We are here to consider an extraordinary topic, one that ranges from the infinitely large to the infinitely small. We want to find what general relativity and gravitation physics have to do with the description of nature. This task imposes a heavy burden of judgement and courage on us, for never before has theoretical physics had to face such wide subject matter, assisted by so comprehensive a theory but so little tested by experiment.
Our problems fall under three heads. First: What checks do we have today of Einstein's general relativity theory, and what can be done to improve our tests? Second: What ways can we see to draw new richness out of the theory? And third: What connection can we foresee between this theory and the quantum world of the elementary particles?
Without going over all the evidence from observational tests of general relativity, it is perhaps worthwhile to set down a few numbers relating to the three traditional tests of the theory.
Planet  Observed Value  Prediction from General Relativity 

Mercury  43.15  
Earth  3.84  
Mars  —  1.35 
Tab. 3.1: Precession in seconds of arc per century
Table 3.1 compares the predicted and observed values of the precession of the perihelion of Mercury and the Earth; for Mars there are not yet data to give a check. The predicted effects are well within the experimental error.
The second wellknown test is the deflection of light in passing the sun, which shows itself as the difference between photographs of the star field taken when the sun is in its midst and those taken when the sun is elsewhere. The expected effect is 1.751 seconds of arc deflection for a ray which passes the sun at grazing incidence. Although there has been some disagreement among astronomers, the careful review of the evidence by McVittie leads to acceptance of Mitchell's result, based on the 1919, 1922, and 1929 eclipses, of seconds of arc, which value has since been confirmed by observations of the 1952 eclipse. The theoretical prediction is thus in agreement with the data.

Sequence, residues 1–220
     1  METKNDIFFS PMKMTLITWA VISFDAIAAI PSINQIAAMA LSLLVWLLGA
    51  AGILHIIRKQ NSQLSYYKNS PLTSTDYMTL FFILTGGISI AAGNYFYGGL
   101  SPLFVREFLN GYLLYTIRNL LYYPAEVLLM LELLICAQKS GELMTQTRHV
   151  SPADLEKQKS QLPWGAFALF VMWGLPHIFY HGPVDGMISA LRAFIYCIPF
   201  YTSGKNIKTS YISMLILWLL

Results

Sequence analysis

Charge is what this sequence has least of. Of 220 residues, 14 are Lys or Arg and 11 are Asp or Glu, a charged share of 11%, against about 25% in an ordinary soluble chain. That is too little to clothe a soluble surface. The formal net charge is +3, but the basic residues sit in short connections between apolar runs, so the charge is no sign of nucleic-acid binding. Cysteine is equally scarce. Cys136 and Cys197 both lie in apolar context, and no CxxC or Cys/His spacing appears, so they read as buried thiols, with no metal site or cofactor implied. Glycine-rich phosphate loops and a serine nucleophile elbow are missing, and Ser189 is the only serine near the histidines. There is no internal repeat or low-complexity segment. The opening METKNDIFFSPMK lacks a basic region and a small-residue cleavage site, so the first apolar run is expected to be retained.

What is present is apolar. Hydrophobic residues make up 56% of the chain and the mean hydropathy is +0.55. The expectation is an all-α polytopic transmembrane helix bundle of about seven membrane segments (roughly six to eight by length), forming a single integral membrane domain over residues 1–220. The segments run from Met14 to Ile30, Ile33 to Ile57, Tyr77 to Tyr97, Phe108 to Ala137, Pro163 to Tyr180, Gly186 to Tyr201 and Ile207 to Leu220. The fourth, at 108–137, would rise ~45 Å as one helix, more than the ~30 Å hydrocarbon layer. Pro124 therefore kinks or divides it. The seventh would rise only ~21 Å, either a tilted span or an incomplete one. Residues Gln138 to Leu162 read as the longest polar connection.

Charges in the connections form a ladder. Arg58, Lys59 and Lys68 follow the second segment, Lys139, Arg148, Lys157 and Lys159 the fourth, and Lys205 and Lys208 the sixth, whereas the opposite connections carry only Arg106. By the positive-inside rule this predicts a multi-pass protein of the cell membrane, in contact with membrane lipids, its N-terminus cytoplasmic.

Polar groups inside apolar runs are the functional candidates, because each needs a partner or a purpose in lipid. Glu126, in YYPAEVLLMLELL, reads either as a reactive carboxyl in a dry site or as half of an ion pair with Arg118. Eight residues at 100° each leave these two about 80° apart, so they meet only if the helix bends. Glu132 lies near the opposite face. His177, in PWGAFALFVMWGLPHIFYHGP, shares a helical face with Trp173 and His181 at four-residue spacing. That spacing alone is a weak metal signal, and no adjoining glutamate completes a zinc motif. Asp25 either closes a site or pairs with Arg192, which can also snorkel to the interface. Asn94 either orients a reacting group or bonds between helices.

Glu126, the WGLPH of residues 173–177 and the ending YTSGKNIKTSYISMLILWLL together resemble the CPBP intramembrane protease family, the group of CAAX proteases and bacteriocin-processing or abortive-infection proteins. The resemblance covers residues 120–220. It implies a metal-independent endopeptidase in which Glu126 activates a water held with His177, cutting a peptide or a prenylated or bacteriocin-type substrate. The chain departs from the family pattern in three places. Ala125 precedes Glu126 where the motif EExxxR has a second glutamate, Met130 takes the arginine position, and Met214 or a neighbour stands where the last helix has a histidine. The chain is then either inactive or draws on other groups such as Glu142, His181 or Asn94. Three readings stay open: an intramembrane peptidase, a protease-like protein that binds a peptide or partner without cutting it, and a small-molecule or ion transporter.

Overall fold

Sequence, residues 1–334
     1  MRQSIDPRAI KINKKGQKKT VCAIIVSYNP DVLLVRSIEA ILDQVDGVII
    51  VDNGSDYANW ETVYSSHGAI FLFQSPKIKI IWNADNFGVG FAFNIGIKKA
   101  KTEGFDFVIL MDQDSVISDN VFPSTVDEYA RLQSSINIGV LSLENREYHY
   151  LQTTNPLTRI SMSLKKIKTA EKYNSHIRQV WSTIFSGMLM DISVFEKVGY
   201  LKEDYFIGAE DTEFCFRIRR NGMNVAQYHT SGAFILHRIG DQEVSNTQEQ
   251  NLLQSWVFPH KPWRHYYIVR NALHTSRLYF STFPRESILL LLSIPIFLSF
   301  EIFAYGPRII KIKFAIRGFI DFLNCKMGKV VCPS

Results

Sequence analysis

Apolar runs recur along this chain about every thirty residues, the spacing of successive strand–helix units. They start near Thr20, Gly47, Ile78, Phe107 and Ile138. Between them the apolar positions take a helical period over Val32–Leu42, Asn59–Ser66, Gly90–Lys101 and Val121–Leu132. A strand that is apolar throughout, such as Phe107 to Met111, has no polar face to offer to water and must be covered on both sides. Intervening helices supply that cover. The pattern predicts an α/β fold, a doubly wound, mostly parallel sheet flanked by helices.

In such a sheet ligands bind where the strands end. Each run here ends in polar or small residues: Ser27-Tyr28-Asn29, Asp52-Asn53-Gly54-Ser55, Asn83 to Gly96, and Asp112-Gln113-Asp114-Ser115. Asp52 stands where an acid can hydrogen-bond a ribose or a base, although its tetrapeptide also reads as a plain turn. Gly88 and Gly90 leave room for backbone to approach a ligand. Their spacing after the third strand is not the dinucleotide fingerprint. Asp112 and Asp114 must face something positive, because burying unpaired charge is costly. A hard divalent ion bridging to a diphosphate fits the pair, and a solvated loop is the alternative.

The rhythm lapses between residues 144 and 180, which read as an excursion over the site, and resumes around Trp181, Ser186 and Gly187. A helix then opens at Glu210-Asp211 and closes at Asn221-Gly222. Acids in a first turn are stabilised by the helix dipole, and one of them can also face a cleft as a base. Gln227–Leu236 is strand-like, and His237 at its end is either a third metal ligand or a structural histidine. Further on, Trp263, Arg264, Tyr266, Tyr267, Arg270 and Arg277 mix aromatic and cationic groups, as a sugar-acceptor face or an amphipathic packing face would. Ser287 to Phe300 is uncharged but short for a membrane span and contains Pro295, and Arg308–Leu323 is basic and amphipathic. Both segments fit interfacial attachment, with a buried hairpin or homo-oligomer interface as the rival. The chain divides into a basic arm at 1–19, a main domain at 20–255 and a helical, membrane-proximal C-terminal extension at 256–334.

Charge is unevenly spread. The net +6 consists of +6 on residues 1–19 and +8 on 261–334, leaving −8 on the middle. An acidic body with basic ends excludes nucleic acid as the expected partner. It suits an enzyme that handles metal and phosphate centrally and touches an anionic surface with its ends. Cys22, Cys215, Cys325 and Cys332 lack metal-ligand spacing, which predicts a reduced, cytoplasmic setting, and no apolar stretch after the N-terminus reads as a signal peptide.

The third observational test of general relativity, the gravitational red shift of spectral lines emitted on the surface of a massive star, presents insuperable difficulties in the case of the sun, owing to the fact that spectral shifts originating in atmospheric currents and turbulence completely mask the effect. On the other hand, white dwarf stars have mass to radius ratios large enough to make these Doppler effects negligible in comparison with the gravitational red shift. Observations are available on two stars, and are summarized in Table 3.2.
40 Eri B  
Sirius B  1  0.008 
Tab. 3.2: Observed and Predicted Gravitational Red Shifts
It appears from these three traditional tests that general relativity is not in disagreement with the observations.
The chief possibilities of improvement exist in the second and third effects  that is, the bending of light and the gravitational red shift. We hope to hear from Professor Dicke later what prospects there are for new experiments. In particular, the development of the “atomic clock” may begin to make feasible detection of gravitational red shift on the earth itself.